I am going over a tutorial in my real analysis course. There is
an proof in which I don’t understand some parts of it.The proof relates to the following proposition:
(S – infinite σalgebra on X) ⟹ S is uncountable.
Proof:
Assume: S={Ai}+∞i=1. ∀x∈X:Bx:=∩x∈AiAi. [Note: Bx∈S ⟸ (Bx – countable intersection].
Lemma: Bx∩By≠∅⟹Bx=By.
Proof(of lemma):
z∈Bx∩By⟹Bz⊆Bx∩By.
1.x∉Bz⟹x∈Bx∖Bz∧Bx∖Bz⊂S∧Bx∖Bz⊂Bx
(contradiction: definition of Bx) ⟹ Bz=Bx2.y∉Bz⟹y∈By∖Bz ∧ By∖Bz⊂S ∧ By∖Bz⊂By(contradiction: definition of By) ⟹ Bz=By ⟹Bx=By ◻
Consider: {Bx}x∈X. If: there are finite sets of the
form Bx then: S is a union of a finite number of disjoint sets
⟹ S is finite ⟹ there is an infinite number of sets of
the form Bx. ⟹ ⋃i∈A⊆NBxi≥ℵ0.(contradiction) ◻There are couple of things I don’t understand in this proof:
Why the fact that we found a set (Bx∖Bz) in S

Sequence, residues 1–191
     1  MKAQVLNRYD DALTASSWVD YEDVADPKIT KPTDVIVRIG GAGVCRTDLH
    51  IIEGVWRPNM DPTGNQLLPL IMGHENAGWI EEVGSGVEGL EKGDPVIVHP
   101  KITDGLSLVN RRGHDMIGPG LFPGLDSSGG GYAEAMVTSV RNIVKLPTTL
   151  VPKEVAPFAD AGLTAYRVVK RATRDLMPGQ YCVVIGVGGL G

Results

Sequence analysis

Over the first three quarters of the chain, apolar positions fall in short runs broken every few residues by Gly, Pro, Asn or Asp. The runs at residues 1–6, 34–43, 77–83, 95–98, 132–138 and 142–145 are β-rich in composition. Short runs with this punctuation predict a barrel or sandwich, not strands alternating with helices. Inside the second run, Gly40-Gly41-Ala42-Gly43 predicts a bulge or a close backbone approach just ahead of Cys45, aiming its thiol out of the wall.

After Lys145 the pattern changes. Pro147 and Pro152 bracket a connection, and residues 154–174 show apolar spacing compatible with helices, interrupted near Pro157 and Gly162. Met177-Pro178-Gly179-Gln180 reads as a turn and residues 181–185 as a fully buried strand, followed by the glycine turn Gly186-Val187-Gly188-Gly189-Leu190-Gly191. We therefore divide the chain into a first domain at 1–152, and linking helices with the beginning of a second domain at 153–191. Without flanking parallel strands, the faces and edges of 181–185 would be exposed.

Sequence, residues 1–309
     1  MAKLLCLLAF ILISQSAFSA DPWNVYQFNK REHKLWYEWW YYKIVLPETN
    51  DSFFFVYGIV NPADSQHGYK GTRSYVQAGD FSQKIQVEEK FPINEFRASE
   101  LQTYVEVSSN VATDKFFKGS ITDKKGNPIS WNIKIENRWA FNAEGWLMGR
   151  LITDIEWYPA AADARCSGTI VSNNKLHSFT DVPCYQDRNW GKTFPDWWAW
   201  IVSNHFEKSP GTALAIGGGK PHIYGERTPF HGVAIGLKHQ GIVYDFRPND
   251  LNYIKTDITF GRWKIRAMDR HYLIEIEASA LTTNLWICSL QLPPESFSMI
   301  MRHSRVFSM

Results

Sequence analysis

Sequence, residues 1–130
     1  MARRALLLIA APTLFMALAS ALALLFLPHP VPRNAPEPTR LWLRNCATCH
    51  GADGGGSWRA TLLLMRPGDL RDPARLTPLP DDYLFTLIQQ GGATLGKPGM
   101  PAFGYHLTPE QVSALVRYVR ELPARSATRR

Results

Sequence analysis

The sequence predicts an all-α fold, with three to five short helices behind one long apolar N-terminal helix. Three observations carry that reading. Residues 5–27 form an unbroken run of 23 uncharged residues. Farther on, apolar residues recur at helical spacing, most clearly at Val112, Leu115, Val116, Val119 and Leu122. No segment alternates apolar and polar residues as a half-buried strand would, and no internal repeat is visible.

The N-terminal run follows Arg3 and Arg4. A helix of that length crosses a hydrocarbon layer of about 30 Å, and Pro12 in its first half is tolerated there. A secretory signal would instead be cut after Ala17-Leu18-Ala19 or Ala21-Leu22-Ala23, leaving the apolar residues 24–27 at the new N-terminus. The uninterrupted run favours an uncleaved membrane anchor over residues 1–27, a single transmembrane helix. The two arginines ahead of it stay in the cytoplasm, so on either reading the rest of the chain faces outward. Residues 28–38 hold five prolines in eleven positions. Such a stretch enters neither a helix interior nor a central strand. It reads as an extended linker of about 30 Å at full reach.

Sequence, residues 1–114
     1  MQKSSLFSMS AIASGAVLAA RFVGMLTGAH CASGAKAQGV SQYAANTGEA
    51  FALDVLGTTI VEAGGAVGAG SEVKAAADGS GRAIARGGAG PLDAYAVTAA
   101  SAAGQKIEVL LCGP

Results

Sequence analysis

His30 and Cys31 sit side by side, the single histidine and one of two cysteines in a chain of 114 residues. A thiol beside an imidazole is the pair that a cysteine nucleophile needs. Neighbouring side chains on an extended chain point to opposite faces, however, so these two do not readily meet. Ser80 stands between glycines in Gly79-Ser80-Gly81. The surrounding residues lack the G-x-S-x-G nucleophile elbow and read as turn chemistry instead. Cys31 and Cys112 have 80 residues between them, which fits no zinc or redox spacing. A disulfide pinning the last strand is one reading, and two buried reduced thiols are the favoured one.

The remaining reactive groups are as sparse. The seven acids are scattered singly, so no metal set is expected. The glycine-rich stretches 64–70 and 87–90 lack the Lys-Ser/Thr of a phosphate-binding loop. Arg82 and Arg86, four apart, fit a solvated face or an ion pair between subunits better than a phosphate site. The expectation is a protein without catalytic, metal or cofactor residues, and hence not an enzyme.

containing x and is strictly contained in Bx a contradiction
?Why if there are only a finite number of different sets of the
form Bx then S is a union of a finite number of disjoint
sets and is finite ?
Answer

Because Bx is supposed to be the intersection of all measurable sets containing x, but you’ve found a measurable set containing x strictly inside Bx.

Because for any measurable set T, we have T=⋃x∈TBx. Thus, if there are n distinct sets of the form Bx, then there are at most 2n elements of S.
Attribution
Source : Link , Question Author : Belgi , Answer Author : Zev Chonoles